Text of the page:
At least based on the respective t-scores, chances that these abnormalities occurred by pure chance only are very small. A rationale for setup 1, 2 and 3 could be that commercial and institutional traders/investors seem to be interested to hold the SPY on an ex-dividend day (may be due to tax reasons), and to immediately get rid of their invest on the then following session (especially in the event of a higher close), but I don’t have a rationale for the statistical abnormalities behind setup 4 and 5.

Successful trading,
Frank

________________________________

If you might want to be instantly notified about what’s happening in the markets and at TRADING THE ODDS, I encourage you to subscribe to my RSS Feed or Email Feed, and (or) follow me on Twitter.

xx

Disclaimer: No position in the securities mentioned in this post at time of writing.

The information on this site is provided for statistical and informational purposes only. Nothing herein should be interpreted or regarded as personalized investment advice or to state or imply that past results are an indication of future performance. The author of this website is not a licensed financial advisor and will not accept liability for any loss or damage, including without limitation to, any loss of profit, which may arise directly or indirectly from use of or reliance on the content of this website(s). Under no circumstances does this information represent an advice or recommendation to buy, sell or hold any security.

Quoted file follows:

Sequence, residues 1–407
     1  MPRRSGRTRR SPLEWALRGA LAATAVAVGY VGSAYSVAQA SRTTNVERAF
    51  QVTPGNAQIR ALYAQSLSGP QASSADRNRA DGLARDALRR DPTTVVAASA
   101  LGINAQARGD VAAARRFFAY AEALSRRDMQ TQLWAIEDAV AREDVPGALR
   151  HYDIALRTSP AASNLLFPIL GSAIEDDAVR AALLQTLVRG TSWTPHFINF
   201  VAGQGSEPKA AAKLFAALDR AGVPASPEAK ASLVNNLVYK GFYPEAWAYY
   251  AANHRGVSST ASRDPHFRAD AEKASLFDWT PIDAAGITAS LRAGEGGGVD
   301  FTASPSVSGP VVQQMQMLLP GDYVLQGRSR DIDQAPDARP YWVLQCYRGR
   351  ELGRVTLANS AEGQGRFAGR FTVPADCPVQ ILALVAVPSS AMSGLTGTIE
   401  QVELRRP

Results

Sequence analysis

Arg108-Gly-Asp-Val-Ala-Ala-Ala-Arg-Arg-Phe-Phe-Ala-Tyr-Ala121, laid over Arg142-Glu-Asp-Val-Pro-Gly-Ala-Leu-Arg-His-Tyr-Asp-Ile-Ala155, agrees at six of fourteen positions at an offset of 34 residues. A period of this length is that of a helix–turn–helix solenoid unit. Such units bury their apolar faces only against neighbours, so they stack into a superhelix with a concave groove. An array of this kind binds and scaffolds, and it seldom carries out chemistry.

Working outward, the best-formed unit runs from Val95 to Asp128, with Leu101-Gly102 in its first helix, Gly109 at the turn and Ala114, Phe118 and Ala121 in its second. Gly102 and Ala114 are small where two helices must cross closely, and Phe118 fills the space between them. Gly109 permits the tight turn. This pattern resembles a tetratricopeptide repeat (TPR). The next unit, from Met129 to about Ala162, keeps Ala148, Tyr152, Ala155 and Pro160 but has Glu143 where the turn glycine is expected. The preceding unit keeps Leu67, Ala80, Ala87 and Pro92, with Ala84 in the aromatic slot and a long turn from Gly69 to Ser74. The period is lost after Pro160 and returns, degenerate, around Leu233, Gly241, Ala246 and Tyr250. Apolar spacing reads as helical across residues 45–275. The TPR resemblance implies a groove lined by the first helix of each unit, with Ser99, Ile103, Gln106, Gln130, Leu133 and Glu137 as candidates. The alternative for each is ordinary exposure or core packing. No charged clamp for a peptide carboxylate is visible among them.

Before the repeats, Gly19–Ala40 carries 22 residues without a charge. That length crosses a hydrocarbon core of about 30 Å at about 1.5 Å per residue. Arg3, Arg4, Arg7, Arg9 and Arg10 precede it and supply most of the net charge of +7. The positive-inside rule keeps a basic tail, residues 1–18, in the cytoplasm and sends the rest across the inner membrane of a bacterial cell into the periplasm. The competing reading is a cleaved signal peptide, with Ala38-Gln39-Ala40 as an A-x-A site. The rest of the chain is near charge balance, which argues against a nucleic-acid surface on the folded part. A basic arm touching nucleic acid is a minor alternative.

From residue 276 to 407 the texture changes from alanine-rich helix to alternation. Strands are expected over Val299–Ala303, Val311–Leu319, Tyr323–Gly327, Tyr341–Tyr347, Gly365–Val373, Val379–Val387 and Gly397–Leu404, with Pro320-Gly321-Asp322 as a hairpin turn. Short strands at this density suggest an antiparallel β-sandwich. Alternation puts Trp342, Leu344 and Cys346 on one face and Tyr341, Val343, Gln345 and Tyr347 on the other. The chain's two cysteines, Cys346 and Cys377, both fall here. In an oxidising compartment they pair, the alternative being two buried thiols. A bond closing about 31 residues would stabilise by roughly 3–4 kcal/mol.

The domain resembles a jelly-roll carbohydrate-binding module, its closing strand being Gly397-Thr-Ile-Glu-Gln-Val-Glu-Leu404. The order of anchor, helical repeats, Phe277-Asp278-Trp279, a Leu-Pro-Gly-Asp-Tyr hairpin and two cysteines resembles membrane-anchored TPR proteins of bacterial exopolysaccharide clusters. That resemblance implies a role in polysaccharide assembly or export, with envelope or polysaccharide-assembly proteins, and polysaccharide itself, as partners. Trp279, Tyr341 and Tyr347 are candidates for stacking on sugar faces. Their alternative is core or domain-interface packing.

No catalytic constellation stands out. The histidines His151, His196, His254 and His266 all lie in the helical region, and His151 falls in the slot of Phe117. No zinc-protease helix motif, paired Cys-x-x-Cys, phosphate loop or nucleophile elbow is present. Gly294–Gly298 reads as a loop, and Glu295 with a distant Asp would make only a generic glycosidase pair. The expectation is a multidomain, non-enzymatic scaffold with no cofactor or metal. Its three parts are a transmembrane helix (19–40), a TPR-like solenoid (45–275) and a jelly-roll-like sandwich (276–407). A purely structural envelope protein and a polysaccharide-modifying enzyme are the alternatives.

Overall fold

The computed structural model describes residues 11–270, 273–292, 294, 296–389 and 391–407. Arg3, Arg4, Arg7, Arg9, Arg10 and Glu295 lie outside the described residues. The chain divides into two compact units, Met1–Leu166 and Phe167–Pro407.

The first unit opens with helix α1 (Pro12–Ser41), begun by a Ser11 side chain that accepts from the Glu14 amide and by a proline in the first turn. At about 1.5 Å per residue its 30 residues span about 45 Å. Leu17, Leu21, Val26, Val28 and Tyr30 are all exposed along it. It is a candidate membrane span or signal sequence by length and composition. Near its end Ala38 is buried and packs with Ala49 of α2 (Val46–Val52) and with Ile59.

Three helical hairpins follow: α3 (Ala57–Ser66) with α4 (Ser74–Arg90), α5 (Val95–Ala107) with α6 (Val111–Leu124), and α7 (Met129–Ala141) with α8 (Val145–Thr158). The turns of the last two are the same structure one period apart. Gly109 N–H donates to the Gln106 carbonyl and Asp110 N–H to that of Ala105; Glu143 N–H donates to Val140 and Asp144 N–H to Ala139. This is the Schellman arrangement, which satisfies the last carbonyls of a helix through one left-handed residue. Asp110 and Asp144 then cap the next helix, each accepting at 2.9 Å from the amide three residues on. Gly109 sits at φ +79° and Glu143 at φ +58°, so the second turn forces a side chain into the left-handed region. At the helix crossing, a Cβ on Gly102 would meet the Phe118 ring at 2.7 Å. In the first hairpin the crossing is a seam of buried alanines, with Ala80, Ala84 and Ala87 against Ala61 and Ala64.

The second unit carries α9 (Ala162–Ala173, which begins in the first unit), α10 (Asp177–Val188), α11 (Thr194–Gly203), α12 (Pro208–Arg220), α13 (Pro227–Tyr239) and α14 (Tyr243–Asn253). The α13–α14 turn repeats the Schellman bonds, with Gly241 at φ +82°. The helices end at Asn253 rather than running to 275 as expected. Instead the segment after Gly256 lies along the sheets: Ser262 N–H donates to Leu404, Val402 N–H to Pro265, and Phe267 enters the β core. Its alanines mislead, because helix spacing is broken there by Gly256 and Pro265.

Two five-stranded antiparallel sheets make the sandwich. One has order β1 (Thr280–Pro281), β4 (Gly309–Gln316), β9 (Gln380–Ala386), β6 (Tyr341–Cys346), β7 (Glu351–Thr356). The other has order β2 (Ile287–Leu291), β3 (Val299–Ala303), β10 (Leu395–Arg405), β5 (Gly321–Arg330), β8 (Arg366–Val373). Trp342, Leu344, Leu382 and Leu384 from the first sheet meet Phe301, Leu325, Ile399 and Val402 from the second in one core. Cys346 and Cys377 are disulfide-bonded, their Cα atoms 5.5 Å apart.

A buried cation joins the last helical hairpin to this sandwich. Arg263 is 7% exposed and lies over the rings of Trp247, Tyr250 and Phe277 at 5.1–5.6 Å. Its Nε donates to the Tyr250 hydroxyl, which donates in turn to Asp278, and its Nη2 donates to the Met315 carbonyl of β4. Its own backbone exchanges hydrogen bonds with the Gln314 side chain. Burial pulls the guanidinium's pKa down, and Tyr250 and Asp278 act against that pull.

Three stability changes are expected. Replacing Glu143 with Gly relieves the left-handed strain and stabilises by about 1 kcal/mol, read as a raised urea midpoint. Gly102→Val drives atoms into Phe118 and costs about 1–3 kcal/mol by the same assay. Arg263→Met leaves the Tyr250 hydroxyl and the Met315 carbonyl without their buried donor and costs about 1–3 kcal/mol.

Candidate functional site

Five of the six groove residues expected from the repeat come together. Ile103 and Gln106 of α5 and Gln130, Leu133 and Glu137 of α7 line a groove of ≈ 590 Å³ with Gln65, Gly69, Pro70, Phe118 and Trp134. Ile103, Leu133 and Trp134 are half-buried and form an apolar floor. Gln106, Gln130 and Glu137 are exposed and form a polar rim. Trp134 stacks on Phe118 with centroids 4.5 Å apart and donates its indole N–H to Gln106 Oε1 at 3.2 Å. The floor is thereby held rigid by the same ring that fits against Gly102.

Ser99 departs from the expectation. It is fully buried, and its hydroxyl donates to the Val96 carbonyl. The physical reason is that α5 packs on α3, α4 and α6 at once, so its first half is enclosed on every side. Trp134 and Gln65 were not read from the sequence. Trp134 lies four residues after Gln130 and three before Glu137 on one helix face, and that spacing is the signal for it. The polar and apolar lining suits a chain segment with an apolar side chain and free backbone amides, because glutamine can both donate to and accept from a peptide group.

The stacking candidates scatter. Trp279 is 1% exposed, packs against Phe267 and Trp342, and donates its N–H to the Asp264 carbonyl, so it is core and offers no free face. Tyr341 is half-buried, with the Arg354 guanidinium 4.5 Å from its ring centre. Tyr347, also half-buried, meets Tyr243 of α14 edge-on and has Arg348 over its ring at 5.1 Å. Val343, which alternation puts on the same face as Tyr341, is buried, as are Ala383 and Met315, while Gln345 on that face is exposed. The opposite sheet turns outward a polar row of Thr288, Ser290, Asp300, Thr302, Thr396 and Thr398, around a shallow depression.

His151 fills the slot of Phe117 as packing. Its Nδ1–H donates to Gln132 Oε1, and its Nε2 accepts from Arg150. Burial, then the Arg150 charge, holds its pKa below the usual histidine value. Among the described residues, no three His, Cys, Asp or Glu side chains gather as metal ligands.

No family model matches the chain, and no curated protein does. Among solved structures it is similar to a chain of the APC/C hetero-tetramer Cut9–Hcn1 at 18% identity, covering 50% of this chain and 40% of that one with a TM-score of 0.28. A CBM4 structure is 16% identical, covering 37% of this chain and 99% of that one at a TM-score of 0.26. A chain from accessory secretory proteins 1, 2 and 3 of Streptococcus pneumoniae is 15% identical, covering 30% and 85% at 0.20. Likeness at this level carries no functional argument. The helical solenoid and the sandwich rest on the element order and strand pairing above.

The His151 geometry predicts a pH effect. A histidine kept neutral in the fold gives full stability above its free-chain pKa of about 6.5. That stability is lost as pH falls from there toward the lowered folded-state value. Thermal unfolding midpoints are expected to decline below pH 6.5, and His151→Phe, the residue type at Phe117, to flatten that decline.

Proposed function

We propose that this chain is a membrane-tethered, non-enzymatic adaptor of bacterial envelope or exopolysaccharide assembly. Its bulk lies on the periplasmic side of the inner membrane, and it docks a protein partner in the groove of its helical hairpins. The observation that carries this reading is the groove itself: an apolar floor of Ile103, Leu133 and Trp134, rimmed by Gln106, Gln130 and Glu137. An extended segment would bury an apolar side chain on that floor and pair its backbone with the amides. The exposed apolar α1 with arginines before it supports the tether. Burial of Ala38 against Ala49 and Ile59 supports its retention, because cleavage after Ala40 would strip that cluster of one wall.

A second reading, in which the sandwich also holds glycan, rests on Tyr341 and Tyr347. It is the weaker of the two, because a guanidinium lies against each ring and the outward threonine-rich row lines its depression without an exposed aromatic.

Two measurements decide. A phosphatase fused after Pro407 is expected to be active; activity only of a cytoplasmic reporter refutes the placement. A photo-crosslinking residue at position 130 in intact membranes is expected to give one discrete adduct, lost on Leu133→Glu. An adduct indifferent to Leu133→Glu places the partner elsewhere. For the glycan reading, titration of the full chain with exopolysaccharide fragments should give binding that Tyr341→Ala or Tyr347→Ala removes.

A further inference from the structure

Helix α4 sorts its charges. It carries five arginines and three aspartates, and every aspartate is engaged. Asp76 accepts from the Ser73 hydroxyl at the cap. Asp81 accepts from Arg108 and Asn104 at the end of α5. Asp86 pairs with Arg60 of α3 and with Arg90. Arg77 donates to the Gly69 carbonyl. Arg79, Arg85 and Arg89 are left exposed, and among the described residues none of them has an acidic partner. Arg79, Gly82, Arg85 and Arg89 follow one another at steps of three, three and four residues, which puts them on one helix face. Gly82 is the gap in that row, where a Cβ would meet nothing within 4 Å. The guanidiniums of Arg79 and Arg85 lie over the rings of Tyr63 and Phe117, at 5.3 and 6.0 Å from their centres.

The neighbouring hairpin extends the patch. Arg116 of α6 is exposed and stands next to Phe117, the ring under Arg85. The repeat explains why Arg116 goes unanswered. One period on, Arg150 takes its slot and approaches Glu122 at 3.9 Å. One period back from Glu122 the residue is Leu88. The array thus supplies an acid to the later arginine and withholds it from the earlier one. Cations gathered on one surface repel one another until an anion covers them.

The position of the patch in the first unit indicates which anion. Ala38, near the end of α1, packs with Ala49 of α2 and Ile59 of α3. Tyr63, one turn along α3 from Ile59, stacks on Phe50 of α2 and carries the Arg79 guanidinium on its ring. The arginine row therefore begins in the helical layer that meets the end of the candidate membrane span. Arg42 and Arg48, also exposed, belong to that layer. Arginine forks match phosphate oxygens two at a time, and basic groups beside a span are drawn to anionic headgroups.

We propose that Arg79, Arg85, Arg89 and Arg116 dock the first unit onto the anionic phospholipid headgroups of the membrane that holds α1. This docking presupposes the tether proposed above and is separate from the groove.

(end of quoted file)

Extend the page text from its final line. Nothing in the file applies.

Add to Technorati Favorites

Comments (9)

 

  1. kyle says:

    ok, hit the wrong comment area the first time (first version in previous day’s post). short version: when you say cash payment day do you mean ex dividend day? is the ex day the downside day?

    thanks

    Kyle

    • admin says:

      kyle,

      thnaks a lot for pointing this out.

      I meant the ex-dividend day (not the payment day, but the day when it goes ex-dividend). In order to avoid any mfurther misunderstandings, I made the respective corrections.

      Best,
      Frank

  2. kafka says:

    I couldn’t repeat ex-dividend test. I got bearish edge on ex-dividend day using SPY, Close to Close. I have these returns on ex-dividend day: